Restaurants are treated like a disposable convenience for a lot of people. They – for some reason – book multiple venues for a single meal and don’t bother to cancel the ones not making the final cut. They seem to expect that restaurants, their stock and their staff can just magically appear when required or equally disappear into the mist when a different option is selected. But restaurants have bills to pay. They hire staff and procure adequate supplies to be able to feed and water their booked people.

And then the dreaded no-show. It’s rude, essentially. But there are reasons, obviously. Medical or family emergencies. Unforeseen… something. It happens.

The deliberate no-show, however, merits blacklisting. It damages business.

One would think these businesses might be equally as aware of how their actions might translate… Should the shoe be on the other foot.

Sales reps get a rough trot sometimes. They are pushy by nature. They bug venues for appointments, take notes, and inexplicably remind venues of wines over which they’d enthused. But this is the job. Bugging for appointments. Being on time. Knowing what might work and what is on special in a nearby venue. Information is the core of what they do. And occasionally it goes skewiff, but generally? A LOT of work goes into planning a day, a week, a month.

And money, obviously. Because time allocated in one place is time not used elsewhere. Time WASTED in one place  is lost business. Reps drive to venues. They pay for parking. They allocate time and outlay to the work, the appointment. They generally open wine in advance, check that it is looking as it should. Selling wine is a job. It costs money to accomplish. It costs wine. And many people only get paid a commission or a minimal retainer which covers nothing much at all. They make their income when sales come through.

Venues not ACTUALLY cancelling appointments but kinda not rocking up are no better than the no-shows they despise. They are screwing with someone’s job and income for no real reason other than their own disorganisation or unwillingness to be professional.

We get it, you know. We understand that you are busy and that things crop up. It happens to the best of us.

And dealing with wholesalers CAN be a chore. But we are also your suppliers.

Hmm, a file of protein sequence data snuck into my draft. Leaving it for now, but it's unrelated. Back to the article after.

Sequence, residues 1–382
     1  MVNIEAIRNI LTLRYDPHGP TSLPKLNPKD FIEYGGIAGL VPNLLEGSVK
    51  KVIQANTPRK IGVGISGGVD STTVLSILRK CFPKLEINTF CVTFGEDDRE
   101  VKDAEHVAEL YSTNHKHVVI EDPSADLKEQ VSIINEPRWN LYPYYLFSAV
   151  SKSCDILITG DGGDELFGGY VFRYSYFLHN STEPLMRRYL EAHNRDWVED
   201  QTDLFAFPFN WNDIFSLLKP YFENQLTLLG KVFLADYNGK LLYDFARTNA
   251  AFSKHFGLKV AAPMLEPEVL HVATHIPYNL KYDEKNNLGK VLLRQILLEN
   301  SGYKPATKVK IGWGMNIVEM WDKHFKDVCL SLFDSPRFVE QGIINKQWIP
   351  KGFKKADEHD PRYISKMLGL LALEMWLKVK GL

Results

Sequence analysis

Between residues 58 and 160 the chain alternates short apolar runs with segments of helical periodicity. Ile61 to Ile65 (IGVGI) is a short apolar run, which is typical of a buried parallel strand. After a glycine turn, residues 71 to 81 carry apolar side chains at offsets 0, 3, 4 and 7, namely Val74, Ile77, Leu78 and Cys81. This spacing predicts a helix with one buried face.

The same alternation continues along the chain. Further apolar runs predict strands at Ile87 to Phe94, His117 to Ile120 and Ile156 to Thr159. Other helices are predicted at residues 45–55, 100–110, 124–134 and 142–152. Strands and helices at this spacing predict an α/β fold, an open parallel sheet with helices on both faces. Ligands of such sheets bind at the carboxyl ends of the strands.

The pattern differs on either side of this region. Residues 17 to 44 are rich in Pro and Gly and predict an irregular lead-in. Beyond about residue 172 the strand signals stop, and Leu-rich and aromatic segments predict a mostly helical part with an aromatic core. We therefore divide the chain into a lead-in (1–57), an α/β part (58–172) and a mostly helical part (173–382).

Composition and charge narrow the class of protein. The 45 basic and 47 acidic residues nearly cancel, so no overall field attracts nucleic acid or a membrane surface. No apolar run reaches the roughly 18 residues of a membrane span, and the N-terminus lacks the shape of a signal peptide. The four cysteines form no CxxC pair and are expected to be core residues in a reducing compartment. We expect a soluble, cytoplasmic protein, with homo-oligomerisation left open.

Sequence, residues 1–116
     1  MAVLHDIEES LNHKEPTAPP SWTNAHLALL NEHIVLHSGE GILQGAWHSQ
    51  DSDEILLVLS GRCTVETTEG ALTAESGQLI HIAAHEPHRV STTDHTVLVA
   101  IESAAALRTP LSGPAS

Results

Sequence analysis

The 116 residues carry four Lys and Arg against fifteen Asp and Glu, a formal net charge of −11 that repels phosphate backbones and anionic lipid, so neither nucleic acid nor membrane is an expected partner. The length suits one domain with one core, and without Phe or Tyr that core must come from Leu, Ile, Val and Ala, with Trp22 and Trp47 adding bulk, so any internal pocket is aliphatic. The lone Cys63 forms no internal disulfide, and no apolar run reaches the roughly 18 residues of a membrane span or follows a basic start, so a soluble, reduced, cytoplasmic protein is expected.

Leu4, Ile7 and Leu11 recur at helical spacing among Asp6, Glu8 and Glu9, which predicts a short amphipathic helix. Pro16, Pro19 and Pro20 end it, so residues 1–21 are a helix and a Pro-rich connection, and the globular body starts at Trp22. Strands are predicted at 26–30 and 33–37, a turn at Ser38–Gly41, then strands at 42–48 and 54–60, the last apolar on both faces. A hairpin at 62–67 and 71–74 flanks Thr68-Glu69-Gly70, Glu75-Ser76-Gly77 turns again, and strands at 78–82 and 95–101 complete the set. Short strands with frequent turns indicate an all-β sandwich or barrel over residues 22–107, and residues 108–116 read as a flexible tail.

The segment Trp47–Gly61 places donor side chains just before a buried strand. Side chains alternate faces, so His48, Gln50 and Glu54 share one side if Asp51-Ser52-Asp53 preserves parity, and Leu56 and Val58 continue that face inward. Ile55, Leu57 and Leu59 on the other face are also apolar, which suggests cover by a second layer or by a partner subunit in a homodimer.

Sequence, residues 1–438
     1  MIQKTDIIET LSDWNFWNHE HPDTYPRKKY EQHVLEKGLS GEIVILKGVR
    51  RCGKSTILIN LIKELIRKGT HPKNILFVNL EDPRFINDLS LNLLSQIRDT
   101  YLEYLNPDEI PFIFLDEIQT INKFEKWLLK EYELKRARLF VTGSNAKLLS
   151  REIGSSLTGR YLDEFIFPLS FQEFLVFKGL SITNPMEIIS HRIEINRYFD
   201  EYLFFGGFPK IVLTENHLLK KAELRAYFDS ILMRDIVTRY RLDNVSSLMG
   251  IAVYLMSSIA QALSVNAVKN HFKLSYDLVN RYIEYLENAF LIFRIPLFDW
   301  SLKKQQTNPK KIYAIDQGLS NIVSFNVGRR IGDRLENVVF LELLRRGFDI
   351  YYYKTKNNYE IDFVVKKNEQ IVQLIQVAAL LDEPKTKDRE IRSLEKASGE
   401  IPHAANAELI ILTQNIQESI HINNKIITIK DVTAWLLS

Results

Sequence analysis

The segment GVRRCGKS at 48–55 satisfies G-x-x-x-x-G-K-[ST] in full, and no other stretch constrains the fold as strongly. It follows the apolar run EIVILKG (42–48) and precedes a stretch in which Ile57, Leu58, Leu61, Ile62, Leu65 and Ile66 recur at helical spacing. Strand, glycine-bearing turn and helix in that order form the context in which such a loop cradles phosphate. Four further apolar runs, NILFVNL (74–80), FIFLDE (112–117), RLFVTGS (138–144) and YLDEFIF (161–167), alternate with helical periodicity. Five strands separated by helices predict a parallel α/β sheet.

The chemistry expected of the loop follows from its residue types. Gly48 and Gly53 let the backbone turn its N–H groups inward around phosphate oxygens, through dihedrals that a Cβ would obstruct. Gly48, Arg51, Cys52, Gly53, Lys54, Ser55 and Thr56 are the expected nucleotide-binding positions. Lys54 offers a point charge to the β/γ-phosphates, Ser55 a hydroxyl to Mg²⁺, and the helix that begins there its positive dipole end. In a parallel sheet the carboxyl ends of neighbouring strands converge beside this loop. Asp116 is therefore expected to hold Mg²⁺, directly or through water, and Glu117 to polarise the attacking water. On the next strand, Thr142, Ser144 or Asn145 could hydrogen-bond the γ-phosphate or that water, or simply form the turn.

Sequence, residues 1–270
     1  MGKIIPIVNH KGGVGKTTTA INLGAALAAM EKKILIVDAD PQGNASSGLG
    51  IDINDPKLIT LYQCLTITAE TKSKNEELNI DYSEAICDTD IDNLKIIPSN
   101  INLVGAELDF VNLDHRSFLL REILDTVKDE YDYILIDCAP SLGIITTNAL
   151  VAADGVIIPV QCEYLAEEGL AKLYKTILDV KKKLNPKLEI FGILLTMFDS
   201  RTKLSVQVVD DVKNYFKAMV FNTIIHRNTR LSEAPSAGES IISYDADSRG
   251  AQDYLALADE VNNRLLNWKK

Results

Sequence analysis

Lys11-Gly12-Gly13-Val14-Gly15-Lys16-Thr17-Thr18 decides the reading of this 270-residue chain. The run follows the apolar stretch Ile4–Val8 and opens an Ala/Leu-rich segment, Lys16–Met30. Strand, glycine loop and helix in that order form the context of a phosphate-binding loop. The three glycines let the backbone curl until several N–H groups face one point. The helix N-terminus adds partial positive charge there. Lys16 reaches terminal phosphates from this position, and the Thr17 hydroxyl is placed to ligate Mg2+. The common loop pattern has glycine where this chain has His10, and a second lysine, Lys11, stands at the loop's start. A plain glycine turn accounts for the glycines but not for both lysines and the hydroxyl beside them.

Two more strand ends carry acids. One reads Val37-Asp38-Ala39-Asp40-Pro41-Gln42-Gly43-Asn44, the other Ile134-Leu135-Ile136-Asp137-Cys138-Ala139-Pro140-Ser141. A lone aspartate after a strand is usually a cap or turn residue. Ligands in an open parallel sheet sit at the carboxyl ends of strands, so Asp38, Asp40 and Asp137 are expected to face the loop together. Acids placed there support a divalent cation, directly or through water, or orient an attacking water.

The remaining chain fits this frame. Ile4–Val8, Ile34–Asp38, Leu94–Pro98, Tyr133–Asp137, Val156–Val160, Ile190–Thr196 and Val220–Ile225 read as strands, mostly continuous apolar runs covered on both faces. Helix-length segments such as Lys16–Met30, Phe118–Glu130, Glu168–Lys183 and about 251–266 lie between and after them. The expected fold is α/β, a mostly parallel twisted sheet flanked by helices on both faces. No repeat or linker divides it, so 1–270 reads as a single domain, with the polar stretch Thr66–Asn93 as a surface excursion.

We work to YOUR requirements. Show you viable wines. Negotiate the pouring discount you need. We train your staff, and eat in your venues to better understand your needs. We send people to your venues. We host events with you.

So please. Understand that when we make an appointment with you, and schedule to have certain wines open that we are conducting OUR business. Show up. Pay attention. Take notes. Or, honestly? Don’t make a time. Tell us you will never list our wines and we will take our business, our wines and our time elsewhere.

Have a little respect for the time and effort that planning our weeks in order to be the best business for our producers might take.

Those bottles we open? HAVE A COST. Our time? Has value.

Ignoring our emails or just refusing to make a time? Also not helpful. Do you know what I might have to show you or are you going to dismiss me out of hand? If you have zero interest, just TELL US. We’ll go see someone who wants to see the wines.

For a start, getting a reputation as being that buyer who is difficult? That WILL follow you. We talk to each other. Word gets out when professionalism goes AWOL.

Sure. Sometimes we just want to stamp our feet and demand that people pay us a degree of respect. But we don’t.  We call, we email. We bring in wines. Don’t treat our business like a free tasting. Don’t condescend to give us an appointment when you have zero intention of buying anything but personally just want to try the wine. Or whatever the excuse might be.

We respect your role, your experience, your voice. It does go both ways, though. We get that stuff happens. We’re not incompetent.

A teensy bit of respect goes a long way. Those venues? Those buyers? Get first dibs.  Get allocations of limited stuff. Get the time with amazing winemakers when in town. Get the deals.

Some venues may think they get the best of their reps. Despite treating them appallingly. Or ignoring them. Because the venue (or worse, the buyer) is too important.

Nope. Play nice. Be honest. And don’t waste our time. Easy.

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